True Value Hardware will move into 13,010 square feet of space in the Reynoldsburg Center, taking over the space in the strip mall that has been vacant since Sears Hardware moved out four years ago.

True Value Hardware will move into 13,010 square feet of space in the Reynoldsburg Center, taking over the space in the strip mall that has been vacant since Sears Hardware moved out four years ago.

Development director Lucas Haire said the company's plans reflect a growing trend in Reynoldsburg to renovate and reuse of available retail space.

Haire said the city has just received permit applications from the nationwide hardware store chain plans to spend $150,000 on improvements at the site, with work possibly starting by late June. He said the company hopes to schedule a grand opening by Labor Day.

He said it's a good sign for Reynoldsburg to have True Value moving in and other businesses such as Massey's Pizza and Aarons recently locating in the center in the 7000 block of East Main Street.

"We don't have a lot of commercial development going on in terms of new buildings, but we have redevelopment and updating of older retail centers going on," Haire said. "Massey's opened in March in the old bank building out front. They made a significant investment in that building and rehabbed that and it was vacant for a number of years.

"Then Aarons, (a nationwide furniture and electronic sales and rental chain) took the space that was a former CVS Pharmacy and had been vacant since CVS built their new store, so there's a lot of momentum building there at the Reynoldsburg Center," Haire said.

Depending on how the space is divided, he said four or five tenant spaces remain in the strip mall.

Haire said the Reynoldsburg Center is unique because the Kroger store located there has been an anchor at the site for the past 50 years.

"For a number of years, it's been frustrating because I consider that center a prototype neighborhood shopping center," said Tom Schottenstein, whose family owns the Reynoldsburg Center. "It's surrounded by rooftops and it's looked like it's been distressed because there have been vacancies."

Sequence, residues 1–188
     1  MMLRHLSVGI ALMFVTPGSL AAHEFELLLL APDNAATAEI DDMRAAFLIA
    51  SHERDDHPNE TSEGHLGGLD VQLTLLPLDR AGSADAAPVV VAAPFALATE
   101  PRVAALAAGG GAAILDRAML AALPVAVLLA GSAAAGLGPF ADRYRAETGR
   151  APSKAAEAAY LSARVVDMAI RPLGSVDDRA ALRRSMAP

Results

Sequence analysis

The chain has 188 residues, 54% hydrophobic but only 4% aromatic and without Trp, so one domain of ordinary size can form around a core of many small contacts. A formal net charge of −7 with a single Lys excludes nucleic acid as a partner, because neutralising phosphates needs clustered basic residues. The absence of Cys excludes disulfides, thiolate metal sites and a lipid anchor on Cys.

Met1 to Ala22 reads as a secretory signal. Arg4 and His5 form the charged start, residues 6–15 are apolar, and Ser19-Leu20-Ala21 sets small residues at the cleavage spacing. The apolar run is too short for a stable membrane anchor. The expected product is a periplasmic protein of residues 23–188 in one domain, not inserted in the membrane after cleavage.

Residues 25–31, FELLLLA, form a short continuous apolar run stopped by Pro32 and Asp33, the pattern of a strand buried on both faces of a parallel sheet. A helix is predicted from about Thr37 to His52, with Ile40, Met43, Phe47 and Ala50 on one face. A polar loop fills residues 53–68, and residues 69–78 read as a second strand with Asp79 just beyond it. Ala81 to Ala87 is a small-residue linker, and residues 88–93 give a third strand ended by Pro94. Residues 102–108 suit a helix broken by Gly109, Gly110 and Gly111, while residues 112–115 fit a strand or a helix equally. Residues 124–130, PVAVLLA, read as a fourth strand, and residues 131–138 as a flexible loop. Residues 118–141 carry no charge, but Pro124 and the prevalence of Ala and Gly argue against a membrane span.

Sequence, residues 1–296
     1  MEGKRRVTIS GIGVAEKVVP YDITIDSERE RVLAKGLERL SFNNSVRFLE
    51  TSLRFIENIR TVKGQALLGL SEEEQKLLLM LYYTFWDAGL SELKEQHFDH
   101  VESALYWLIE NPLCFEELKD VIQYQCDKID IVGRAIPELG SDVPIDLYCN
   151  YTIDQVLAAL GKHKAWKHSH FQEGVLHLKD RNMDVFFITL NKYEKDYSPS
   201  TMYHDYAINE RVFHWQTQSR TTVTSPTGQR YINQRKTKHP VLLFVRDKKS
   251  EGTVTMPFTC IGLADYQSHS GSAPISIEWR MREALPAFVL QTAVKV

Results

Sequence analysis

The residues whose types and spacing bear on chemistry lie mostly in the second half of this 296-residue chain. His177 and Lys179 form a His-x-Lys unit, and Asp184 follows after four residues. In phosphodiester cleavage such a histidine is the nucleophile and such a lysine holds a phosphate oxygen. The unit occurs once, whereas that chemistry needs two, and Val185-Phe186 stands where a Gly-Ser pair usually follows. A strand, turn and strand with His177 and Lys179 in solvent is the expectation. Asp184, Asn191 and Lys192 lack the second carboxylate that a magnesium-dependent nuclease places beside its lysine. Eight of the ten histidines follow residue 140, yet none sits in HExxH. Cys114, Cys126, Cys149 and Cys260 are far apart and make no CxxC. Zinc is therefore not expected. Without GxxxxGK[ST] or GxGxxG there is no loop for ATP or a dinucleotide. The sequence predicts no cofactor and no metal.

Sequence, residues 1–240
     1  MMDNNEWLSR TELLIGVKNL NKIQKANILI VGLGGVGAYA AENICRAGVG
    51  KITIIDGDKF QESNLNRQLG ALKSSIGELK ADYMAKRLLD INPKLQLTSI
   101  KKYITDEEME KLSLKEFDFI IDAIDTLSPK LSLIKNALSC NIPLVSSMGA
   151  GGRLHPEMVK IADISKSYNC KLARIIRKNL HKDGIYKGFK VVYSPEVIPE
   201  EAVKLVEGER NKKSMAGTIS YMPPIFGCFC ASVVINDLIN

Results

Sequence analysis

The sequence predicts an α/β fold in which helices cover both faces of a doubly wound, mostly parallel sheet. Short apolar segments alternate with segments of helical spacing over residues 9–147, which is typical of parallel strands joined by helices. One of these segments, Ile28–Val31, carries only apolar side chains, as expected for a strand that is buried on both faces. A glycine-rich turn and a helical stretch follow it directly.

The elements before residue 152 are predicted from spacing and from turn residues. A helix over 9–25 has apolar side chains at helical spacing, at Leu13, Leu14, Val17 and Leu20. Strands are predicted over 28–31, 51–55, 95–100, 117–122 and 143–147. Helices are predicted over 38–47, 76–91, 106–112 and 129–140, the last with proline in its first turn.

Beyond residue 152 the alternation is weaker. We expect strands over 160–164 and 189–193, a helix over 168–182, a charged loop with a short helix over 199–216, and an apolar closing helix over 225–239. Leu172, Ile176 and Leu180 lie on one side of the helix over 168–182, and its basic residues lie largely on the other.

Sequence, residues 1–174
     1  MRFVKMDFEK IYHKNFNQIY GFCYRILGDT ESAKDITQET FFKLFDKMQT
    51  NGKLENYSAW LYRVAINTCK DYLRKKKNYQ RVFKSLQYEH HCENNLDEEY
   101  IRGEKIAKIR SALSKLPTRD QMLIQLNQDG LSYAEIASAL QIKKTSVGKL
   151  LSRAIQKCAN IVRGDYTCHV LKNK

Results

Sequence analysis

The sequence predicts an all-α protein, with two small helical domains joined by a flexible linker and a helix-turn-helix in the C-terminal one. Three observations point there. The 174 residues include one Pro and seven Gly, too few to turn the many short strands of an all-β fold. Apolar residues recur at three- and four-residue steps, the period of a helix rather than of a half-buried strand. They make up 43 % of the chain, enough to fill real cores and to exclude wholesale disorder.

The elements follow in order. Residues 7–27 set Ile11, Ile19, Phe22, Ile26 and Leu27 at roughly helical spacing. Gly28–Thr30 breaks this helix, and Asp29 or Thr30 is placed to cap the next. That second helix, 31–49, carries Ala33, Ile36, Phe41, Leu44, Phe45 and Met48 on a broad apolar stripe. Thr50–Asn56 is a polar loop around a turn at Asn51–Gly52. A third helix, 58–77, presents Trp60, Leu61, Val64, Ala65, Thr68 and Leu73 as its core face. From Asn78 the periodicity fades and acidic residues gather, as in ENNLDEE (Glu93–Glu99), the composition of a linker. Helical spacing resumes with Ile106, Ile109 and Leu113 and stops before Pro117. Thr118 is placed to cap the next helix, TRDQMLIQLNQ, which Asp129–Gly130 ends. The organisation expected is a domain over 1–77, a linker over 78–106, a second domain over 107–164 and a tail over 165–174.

He said the the vacancies were actually rented spaces that were not occupied.

"So, some of those leases have come off and now we're able to rent to other tenants," Schottenstein said. "It's its showing up in a very difficult time, which shows an indication of the strength of the center and the location."

He said prospective tenants are interested in the 15,000 square feet left in the center and he is hopeful the spaces can be filled quickly.

"I'm thrilled about it. I think we have a perfect mix with the tenants there," he said. "Some have been there for years and we're just going to build on that."

Schottenstein said he could not identify what businesses might go in the vacant spaces but he said one might include a fitness studio.

"I have to tell you, I think the city deserves a tremendous amount of credit. We've worked in a number of different municipalities, and Reynoldsburg is the most business-friendly, pragmatic group we've ever worked with," Schottenstein said.

"They understand business and they don't try to put up hurdles and road blocks. I can't say enough about the group out there. They really work hard at trying to promote business, and, it's a partnership," he said.

Haire said the city has also been receiving compliments on renovations that are just about completed at the Stoney Creek Plaza in the 2000 block of state Route 256.

He said work began last year to install new shingle roofing, lighting, paint, landscaping, signs, sidewalks, and updated parking spaces.

"They really put a lot of money into that building and it has paid off for them at this point," Haire said.

Built in 1986, the retail strip mall complex is broken up into two sections, Haire said, and currently all spaces in the plaza are filled except one, a 1,140-square-foot space located at the northern end of Stoney Creek Plaza.

"This is the first renovations that have been made," he said. "With the new strip centers built across the street and with the quality of those buildings, they had to bring up the quality of theirs (The Stoney Creek Plaza) to attract good tenants and I think it has worked.

"It's a good building and it's got good visibility and they've made it very attractive," he said.

The newest tenant in the plaza is The Original Mattress Factory which opened about three weeks ago after moving from its former location south of I-70 on Brice Road. Haire said the company spent $35,000 on internal improvements.

Stoney Creek Plaza owner Brian Barker said the one vacant space left in the plaza has attracted interest from a diverse group of businesses so far, such as a jewelry store, a sushi restaurant and a sign company, but nothing is confirmed yet.

"The space itself is highly visible being right on the corner, and it's got two sides of windows, so it makes for a great space," Barker said.

He said the renovations are nearly complete and were done in an effort to make Stoney Creek Plaza look more contemporary.

"The old material on the roof had a block and metal kind of look to it, which is a harder, harsher look, so the new shingles on the roof make it look more residential, and softens the look to it," Barker said. "We made the renovations so that we could maintain the tenants we have and also to attract good solid long-term tenants."

Barker said new signs still need to be installed on the front of each business.

dowen@thisweeknews.com